I love the contrast of nature with industry
In October, in total contrast to our safari, we also spent a family week in a static caravan at Allhallows, on the south side of the River Thames estuary.
This would not win any awards for being picturesque, but the industrial and muddy views proved photogenic.
The holiday was for family to walk the dogs, and relax and play board games together, and this venue fitted the bill nicely, even if we had to shower the dogs several times from the Thames mud.
looking back towards the caravan park
from the hills behind the park over the Thames looking towards Southend on Sea
view across the Thames
We saw many sea birds including white herons, and managed to capture a sky lark in flight after listening to its beautiful song from up high.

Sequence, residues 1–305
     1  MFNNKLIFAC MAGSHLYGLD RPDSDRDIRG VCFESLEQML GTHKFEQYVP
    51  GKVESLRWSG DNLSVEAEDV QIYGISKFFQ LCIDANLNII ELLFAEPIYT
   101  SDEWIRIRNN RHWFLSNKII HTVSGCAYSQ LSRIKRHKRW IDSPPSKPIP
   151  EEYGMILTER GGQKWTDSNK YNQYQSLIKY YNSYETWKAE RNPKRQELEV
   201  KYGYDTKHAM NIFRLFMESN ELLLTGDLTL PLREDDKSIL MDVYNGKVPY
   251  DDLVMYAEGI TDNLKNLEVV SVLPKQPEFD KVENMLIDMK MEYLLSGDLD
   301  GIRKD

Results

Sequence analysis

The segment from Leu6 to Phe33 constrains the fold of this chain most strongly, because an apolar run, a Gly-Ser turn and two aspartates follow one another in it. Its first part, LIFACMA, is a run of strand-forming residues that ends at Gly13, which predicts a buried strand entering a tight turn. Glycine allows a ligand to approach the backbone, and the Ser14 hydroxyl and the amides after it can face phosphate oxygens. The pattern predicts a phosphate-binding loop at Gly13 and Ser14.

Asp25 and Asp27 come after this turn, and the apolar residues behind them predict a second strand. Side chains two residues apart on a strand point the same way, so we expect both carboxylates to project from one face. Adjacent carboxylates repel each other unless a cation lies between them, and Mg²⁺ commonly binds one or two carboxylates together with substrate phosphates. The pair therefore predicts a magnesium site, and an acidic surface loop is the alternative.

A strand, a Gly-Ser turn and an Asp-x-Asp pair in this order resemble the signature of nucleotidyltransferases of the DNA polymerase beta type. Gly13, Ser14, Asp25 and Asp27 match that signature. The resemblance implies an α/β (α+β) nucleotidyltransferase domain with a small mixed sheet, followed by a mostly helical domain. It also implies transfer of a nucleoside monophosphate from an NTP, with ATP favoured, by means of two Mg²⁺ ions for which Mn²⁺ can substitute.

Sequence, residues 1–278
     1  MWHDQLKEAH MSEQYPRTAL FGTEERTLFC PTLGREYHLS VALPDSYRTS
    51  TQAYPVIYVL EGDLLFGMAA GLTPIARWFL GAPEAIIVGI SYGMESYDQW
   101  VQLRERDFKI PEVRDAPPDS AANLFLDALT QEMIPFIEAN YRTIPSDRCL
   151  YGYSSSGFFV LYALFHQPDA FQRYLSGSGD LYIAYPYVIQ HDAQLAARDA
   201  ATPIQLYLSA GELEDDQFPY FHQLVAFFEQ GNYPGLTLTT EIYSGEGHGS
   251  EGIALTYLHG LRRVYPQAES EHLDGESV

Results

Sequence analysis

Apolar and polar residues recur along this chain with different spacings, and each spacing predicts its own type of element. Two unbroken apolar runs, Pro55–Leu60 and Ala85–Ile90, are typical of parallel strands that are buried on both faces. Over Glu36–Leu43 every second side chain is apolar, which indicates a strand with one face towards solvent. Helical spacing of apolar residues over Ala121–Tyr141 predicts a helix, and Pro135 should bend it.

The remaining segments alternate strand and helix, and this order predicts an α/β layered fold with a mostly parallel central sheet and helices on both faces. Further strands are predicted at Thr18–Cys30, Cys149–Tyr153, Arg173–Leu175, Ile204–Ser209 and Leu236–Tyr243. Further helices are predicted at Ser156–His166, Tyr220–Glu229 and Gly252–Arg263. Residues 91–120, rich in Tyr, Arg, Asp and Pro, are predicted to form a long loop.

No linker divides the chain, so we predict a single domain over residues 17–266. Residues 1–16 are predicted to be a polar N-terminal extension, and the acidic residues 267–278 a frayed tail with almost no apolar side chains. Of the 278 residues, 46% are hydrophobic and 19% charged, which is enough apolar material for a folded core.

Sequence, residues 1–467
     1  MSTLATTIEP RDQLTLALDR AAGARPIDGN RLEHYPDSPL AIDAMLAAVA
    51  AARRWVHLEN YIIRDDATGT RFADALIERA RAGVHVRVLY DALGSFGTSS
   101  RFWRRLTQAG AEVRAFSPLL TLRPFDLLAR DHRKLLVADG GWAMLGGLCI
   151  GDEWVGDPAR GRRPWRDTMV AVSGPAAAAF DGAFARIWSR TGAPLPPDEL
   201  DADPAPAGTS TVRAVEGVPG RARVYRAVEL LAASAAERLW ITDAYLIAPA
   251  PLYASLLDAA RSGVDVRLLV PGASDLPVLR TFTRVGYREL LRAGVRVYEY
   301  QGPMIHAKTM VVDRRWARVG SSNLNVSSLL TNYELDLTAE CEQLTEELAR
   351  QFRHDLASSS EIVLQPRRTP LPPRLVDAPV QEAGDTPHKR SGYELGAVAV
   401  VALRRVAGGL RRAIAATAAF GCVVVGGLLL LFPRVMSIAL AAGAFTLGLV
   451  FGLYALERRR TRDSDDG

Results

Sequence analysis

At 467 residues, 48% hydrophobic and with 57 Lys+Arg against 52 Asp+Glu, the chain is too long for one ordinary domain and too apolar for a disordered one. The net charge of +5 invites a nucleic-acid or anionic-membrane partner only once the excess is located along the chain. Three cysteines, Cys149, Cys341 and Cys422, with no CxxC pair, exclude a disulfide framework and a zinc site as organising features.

One of our walks took us along the Medway estuary, with views of the oil refinery beyond. I love the contrast of nature with industry.
Of course, the 3 dogs enjoyed the walks – standing guard maybe?
And it got a bit windy – here is Reggie styling a side parting.Much of the landscape here was created as part of the Thames flood management program, but from the state of the memorial raised to celebrate that, I’m not sure how much I trust them to work, as it is now at a jaunty angle.
We also came across some old concrete bunkers from the wars, that once served to keep the Thames safe from invasion.
Ian didn’t help me in getting some moody shots of the angular structure, but I won eventually.
I can see you
I can still see you
I realised after that I could have had more fun with next these shots, but this was the best I managed.
One benefit of being next to the Thames was that the long but narrow pebbly beach was littered with sea glass, so I just had to employ the family to assist in the collection.
We didn’t make much use of the facilities of the camp site, and no-one would join Rita for a funny family photo
While in Kent. we also visited Upton Castle and Canterbury, so keep watching